Giving balloons instead of candy?

            So you’re tired of bringing candy and flowers to your Valentine every year and you’ve decided to order a big bunch of heart-shaped, helium balloons in metallic red.

            Give you sweetheart a warning with that gift.

            A metallic balloon that touches an overhead power line can knock the power out for a whole neighborhood.

            The metal in the balloon can cause a surge of electricity if it touches a power line, and that can short-circuit equipment. The result could be lights-out for thousands of people; a fire; or injuries.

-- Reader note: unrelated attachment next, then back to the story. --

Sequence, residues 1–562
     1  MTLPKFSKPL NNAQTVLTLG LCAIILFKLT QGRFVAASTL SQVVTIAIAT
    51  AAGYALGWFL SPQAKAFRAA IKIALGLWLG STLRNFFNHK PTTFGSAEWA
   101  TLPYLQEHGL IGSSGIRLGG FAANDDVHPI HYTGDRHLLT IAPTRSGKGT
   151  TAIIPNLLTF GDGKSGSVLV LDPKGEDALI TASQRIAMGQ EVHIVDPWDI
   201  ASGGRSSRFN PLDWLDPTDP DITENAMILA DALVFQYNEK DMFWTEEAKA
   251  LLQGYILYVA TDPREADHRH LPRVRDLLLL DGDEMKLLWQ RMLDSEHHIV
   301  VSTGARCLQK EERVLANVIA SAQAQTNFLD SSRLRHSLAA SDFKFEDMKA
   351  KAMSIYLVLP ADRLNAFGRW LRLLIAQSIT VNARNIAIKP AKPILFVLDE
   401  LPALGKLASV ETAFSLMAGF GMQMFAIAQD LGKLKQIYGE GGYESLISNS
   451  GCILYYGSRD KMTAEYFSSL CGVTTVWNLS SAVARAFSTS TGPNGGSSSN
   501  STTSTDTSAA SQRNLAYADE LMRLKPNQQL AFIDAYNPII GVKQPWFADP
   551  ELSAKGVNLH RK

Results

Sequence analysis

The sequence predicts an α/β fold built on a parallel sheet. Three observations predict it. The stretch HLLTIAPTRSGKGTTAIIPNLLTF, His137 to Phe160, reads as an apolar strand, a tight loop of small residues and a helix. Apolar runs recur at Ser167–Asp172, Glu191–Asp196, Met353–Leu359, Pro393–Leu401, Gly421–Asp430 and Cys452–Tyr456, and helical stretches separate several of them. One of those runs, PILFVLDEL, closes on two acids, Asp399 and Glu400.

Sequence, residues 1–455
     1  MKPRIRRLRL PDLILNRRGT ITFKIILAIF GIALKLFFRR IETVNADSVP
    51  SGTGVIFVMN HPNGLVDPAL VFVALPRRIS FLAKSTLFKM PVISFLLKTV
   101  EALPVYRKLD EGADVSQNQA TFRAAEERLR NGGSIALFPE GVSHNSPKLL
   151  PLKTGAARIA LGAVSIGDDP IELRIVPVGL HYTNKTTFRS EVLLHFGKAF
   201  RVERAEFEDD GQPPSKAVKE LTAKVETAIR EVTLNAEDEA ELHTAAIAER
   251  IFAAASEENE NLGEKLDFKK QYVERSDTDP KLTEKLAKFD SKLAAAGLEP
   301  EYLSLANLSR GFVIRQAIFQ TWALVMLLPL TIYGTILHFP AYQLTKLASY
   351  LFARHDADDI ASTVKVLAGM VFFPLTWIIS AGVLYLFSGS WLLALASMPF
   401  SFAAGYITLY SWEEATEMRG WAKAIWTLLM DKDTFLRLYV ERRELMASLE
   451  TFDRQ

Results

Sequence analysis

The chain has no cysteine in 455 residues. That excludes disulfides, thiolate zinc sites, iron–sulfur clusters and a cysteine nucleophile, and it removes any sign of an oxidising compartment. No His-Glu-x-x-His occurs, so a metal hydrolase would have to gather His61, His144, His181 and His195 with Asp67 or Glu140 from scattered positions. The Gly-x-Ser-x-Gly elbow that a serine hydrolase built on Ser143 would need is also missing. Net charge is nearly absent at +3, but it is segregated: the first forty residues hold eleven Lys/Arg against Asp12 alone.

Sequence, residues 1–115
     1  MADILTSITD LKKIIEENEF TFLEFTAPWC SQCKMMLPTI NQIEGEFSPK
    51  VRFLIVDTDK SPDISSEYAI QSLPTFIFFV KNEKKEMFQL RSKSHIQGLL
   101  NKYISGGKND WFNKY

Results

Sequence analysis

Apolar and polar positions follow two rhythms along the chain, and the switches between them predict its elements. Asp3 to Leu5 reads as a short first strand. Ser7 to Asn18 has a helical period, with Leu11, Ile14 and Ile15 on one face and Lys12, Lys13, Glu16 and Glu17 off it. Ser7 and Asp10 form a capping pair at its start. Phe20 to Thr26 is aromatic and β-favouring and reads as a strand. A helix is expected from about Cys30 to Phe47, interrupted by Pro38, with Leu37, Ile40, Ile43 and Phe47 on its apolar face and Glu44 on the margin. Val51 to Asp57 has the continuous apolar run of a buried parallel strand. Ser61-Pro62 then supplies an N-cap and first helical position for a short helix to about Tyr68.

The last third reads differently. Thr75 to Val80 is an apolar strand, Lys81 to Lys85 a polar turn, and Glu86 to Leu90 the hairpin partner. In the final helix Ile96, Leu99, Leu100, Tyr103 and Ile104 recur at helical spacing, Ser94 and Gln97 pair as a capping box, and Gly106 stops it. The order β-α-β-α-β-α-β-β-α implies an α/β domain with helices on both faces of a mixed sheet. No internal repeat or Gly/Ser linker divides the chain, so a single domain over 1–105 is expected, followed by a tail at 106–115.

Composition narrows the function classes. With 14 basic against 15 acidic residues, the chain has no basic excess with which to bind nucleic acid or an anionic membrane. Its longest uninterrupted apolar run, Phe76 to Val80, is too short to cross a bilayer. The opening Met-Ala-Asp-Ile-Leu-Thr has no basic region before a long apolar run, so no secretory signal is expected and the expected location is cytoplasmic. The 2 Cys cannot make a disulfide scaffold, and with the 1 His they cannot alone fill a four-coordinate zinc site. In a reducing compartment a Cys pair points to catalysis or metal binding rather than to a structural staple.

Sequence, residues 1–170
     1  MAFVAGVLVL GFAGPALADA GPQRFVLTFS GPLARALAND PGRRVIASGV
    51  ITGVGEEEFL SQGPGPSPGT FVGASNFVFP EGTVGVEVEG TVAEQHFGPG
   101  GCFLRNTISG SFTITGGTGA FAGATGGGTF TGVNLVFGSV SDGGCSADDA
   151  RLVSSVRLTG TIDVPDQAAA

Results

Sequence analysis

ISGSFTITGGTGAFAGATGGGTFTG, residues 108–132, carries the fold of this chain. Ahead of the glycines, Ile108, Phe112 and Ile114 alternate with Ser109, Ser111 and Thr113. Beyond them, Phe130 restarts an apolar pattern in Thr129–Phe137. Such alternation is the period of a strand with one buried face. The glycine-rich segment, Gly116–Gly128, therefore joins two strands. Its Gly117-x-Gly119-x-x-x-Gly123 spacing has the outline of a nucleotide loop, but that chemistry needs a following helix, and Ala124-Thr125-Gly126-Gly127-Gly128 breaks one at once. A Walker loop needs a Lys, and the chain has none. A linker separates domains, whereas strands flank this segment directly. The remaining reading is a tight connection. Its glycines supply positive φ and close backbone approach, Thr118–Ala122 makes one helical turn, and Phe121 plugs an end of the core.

Take a few precautions if you’re giving Valentine’s Day balloons this year:

  • Tether each balloon to a weight so it can’t float away.
  • When you’re ready to dispose of the balloons, pop them so they can’t become airborne.
  • Stay at least 10 feet away from power lines if you’re walking outdoors with a balloon.
  • If your balloon happens to get tangled in a power line, leave it there and call your electric cooperative for assistance. You could get electrocuted if you touch a power line.